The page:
|(Photo by iprole)|
Often, a compounding problem for a lot of us is that we have no assets we could use for collateral.
Well, this is another reason why I strongly advise everyone to start their businesses while they are still employed. When you are an employee, you have one valuable resource at hand: the salary loan.
How much, you may ask, can one get from a salary loan? Well, if we look at the loan offerings of my favorite bank for small and medium enterprises (SMEs), Plantersbank, you can see that you can get as much as P500,000 salary loan (of course, depending on your salary), payable for up to 36 months. And yes, no collateral is needed.
What are the requirements for applying for a salary loan?
- Fixed-salaried individual working in the Philippines’ Top 12,000 Corporation OR must be a credit card holder with a P50,000 credit limit if not employed in the Top 12,000 Corporations.
- At least 23 years old but not more than 65 years old
- A permanent employee with a length of service in current employer of at least 1 year (if less than 1 year, then total continuous work experience should be at least 2 years)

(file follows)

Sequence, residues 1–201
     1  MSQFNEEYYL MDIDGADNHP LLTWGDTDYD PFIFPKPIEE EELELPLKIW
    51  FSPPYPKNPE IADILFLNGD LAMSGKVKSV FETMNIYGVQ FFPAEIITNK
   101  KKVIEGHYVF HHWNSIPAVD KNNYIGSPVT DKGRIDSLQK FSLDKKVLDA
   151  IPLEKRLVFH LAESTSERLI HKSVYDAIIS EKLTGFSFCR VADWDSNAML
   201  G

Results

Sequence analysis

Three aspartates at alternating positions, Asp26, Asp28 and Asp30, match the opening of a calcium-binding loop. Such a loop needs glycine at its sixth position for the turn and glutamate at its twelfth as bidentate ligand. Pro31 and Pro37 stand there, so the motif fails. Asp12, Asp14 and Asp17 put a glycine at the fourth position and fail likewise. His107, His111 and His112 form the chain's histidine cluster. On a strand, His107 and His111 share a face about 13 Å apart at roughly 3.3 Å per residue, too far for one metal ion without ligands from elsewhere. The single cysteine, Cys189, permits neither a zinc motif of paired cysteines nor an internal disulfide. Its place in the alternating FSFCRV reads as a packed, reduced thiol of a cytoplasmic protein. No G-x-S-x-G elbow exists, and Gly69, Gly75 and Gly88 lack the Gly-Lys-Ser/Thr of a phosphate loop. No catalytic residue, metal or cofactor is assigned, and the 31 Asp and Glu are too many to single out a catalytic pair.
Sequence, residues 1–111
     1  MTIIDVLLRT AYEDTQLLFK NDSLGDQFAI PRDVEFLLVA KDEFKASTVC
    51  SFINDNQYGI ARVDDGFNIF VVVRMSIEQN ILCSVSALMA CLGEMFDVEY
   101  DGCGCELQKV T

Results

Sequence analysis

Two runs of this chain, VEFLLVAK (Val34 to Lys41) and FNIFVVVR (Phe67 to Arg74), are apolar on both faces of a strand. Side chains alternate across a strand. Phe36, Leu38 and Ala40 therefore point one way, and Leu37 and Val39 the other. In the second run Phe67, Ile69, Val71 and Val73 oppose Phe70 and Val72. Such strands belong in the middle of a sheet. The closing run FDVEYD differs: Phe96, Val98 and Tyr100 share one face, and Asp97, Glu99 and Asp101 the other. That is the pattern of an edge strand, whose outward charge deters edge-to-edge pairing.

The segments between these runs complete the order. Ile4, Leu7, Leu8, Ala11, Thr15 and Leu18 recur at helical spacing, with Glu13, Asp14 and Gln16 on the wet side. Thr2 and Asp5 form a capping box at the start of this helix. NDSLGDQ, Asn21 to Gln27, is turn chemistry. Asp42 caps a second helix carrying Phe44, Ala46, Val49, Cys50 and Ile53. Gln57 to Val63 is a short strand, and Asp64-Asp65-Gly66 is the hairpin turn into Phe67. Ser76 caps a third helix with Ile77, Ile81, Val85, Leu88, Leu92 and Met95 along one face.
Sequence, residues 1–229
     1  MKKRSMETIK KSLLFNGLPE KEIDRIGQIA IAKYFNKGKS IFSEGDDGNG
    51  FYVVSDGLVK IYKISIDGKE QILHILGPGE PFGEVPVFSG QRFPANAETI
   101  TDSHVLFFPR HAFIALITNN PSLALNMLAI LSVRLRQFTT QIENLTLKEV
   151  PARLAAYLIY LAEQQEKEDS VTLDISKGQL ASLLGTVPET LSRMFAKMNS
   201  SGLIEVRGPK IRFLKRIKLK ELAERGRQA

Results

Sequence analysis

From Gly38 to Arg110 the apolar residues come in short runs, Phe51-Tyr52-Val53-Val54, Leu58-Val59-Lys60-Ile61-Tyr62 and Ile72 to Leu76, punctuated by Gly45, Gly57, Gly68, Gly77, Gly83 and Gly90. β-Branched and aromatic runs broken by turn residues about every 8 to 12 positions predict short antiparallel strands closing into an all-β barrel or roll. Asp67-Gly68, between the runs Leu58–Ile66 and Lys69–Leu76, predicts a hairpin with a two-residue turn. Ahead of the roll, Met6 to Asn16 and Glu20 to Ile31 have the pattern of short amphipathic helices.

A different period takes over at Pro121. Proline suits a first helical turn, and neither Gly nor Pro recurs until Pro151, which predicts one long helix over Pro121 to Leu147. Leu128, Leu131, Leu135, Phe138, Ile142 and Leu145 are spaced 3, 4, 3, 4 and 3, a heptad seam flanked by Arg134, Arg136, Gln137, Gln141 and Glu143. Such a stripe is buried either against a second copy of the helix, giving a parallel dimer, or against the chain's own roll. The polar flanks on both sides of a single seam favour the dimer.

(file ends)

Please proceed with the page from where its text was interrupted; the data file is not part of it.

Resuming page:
- Has a gross monthly income of P30,000 for Metro Manila and P20,000 for Provincial Areas
- Not due for retirement within the term of the loan.
Now let me take this opportunity to highlight the usefulness of a credit card. It's true, this little piece of plastic can be detrimental to our financial health when we don't know how to use it properly. But often, our credit card is also our best (sometimes, our only) proof that we are willing and able to pay our debts. When we apply for a loan, our credit card history can be our strongest ally.
Note, also, bulletpoint number 3: permanent employee of at least 1 year with current employer. If you can't keep a job, so much less will you be able to keep a business. Because no matter how difficult it is to work with your boss, trying to be your own boss is even harder.
The SSS loan
But what if your gross monthly income does not reach P30,000 per month? (Mine never did, when I was employed.)
Well, there's SSS too. But to get a one-month SSS salary loan, you need to have paid at least 36 monthly contributions prior to the month of filing the application. For a two-month salary loan, the requirement is 72 posted monthly contributions.
There are also microfinance institutions. Granted that the interest rates of these institutions may be even higher than some banks and are definitely higher than SSS rates, they are still much lower than if you borrow from "five/six," those notorious lenders that charge an astounding 20% monthly interest rate.
If you want to contact a microfinance company near you, here's a list of them. Just click on the links below and find which company is best for you: